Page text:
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I'm developping a C application that make extensive use of sockets.

My doubt is: Does every socket that I create have its own buffers to send and/or receive messages from other sockets?

In other words, can sockets be influenced by messages exchange erroneously?

By erroneously I mean that messages sent to one socket can be "leaked" to another socket without having written (and be it by mistake) program code that would explicitly transmit messages from the "intended" receiver to another socket.

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    Your question is hard to understand. Are you asking "can messages on one socket cross-talk/interfere to other sockets?" ? Commented Sep 17, 2020 at 21:04
  • Exactly @ctrl-alt-delor
    – j0s3
    Commented Sep 18, 2020 at 7:54
  • edit the question to make it clear. If you make people read all the comments, then you won't get a good answer. Commented Sep 18, 2020 at 15:35

2 Answers 2

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Does every socket that I create have its own buffers to send and/or receive messages from other sockets?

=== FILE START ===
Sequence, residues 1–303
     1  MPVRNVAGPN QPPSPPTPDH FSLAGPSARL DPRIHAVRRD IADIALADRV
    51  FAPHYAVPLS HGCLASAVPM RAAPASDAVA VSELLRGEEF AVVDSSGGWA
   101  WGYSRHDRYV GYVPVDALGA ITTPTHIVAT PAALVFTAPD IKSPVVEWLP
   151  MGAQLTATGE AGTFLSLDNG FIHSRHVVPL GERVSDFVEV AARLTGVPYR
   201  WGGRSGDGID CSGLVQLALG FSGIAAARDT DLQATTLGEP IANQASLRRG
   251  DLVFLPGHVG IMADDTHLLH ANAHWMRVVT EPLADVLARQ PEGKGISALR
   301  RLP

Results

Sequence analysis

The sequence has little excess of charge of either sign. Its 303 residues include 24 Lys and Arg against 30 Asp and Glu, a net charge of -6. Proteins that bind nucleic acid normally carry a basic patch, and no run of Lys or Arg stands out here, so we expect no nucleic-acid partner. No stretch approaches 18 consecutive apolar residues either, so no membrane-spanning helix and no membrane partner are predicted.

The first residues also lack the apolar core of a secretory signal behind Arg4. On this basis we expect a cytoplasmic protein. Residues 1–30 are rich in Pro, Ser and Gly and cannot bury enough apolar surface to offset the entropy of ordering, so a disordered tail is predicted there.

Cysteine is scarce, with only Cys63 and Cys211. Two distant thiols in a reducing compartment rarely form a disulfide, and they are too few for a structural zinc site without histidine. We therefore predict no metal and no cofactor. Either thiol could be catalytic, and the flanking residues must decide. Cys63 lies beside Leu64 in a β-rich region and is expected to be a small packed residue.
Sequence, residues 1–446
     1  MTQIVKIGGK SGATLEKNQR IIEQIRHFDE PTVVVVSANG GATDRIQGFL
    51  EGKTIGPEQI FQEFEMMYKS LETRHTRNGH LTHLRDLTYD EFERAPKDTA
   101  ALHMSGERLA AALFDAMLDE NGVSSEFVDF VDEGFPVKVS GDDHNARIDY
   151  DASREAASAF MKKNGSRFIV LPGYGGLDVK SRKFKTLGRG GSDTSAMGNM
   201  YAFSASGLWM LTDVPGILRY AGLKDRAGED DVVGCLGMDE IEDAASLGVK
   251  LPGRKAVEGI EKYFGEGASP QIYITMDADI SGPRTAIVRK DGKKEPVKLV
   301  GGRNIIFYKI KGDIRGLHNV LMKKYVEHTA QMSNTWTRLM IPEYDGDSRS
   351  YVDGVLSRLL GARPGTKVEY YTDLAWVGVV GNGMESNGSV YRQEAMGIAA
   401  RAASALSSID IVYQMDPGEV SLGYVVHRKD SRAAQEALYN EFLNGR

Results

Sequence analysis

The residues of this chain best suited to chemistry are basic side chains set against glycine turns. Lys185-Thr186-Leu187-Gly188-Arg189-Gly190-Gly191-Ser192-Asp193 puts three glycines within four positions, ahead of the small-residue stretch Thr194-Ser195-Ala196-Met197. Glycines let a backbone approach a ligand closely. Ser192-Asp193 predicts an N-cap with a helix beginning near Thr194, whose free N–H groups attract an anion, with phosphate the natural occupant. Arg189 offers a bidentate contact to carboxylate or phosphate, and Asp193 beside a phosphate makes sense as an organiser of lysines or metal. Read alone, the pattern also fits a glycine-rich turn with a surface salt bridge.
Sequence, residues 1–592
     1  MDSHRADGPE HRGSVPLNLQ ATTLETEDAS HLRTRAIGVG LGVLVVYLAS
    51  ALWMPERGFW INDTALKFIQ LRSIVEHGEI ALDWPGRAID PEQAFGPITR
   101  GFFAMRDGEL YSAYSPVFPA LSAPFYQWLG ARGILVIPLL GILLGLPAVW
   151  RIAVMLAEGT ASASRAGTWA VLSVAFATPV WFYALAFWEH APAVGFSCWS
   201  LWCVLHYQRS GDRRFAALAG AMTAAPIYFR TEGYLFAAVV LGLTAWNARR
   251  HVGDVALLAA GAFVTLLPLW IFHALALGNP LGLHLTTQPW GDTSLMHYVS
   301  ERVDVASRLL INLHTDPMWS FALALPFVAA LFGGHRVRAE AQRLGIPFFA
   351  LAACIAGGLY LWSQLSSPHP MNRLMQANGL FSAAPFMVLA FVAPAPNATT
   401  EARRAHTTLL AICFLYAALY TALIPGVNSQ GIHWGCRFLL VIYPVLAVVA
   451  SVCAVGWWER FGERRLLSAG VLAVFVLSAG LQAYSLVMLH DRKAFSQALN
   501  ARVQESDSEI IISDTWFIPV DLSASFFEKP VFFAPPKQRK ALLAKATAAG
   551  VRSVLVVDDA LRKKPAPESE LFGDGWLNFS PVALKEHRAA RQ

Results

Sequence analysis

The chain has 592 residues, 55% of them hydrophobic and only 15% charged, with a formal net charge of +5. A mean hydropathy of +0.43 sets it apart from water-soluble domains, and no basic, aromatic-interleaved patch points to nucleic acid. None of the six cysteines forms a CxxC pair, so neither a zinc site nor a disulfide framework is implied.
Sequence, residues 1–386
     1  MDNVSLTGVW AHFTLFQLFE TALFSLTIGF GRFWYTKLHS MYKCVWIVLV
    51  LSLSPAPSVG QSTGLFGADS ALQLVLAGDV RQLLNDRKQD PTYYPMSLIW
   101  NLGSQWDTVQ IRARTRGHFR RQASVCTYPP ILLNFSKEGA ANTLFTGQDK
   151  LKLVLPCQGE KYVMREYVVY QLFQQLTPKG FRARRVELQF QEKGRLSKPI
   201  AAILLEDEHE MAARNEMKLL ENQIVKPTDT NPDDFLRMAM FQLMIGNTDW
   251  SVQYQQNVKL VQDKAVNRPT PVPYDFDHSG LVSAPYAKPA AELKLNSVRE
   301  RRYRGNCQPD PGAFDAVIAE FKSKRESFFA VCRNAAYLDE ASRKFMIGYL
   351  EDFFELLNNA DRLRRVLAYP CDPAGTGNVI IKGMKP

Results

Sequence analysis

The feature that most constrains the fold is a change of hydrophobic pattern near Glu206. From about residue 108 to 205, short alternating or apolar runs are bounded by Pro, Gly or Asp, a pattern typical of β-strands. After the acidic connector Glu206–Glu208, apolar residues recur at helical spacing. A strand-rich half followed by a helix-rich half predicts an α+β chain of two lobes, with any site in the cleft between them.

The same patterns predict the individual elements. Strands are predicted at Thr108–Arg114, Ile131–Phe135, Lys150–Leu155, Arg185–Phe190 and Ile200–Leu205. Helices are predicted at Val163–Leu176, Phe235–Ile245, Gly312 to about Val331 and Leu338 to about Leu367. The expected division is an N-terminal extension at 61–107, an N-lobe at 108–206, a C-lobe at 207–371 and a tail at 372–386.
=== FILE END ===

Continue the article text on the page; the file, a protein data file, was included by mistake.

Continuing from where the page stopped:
Yes.

Otherwise the sockets API would be essentially unusable, for exactly the reason you suggest.

Just to clarify, since you didn't specify what type of socket you're using:

  • each TCP / streams socket will have its own unique send & receive buffers.

    These buffers are necessary for it to handle resending, ack management, reassembly etc. in the background.

  • each UDP / datagram socket will have its own receive buffer, but not necessarily a unique & persistent send buffer.

    It doesn't have any retransmit logic that would require a persistent send buffer.

  • a socketpair may share a single buffer between both sockets (or a single buffer in each direction)

    For comparison a pipe (which isn't identical to a socket) would usually have just one buffer shared between both file descriptors, since it is unidirectional.

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Yes that is what TCP and UDP is for: to multiplex the network. To make many virtual networks.

IP just sends packets. They can be anything, they just go from this machine to that one. No channels, no re-sends, just try to deliver it. This is what the internet works on.

TCP and UDP add channels to this (sockets). TCP adds re-sends. Can it go wrong:

  • Data corruption should be detected with checksums. Are the check sums strong enough (for TCP probably not, but the hardware layer has good checksums).
  • In software you could write a bug and send/receive to the wrong channel/socket.
  • However you can not send/receive on a socket that your process did not open (unless you are passed a file handle by another process).

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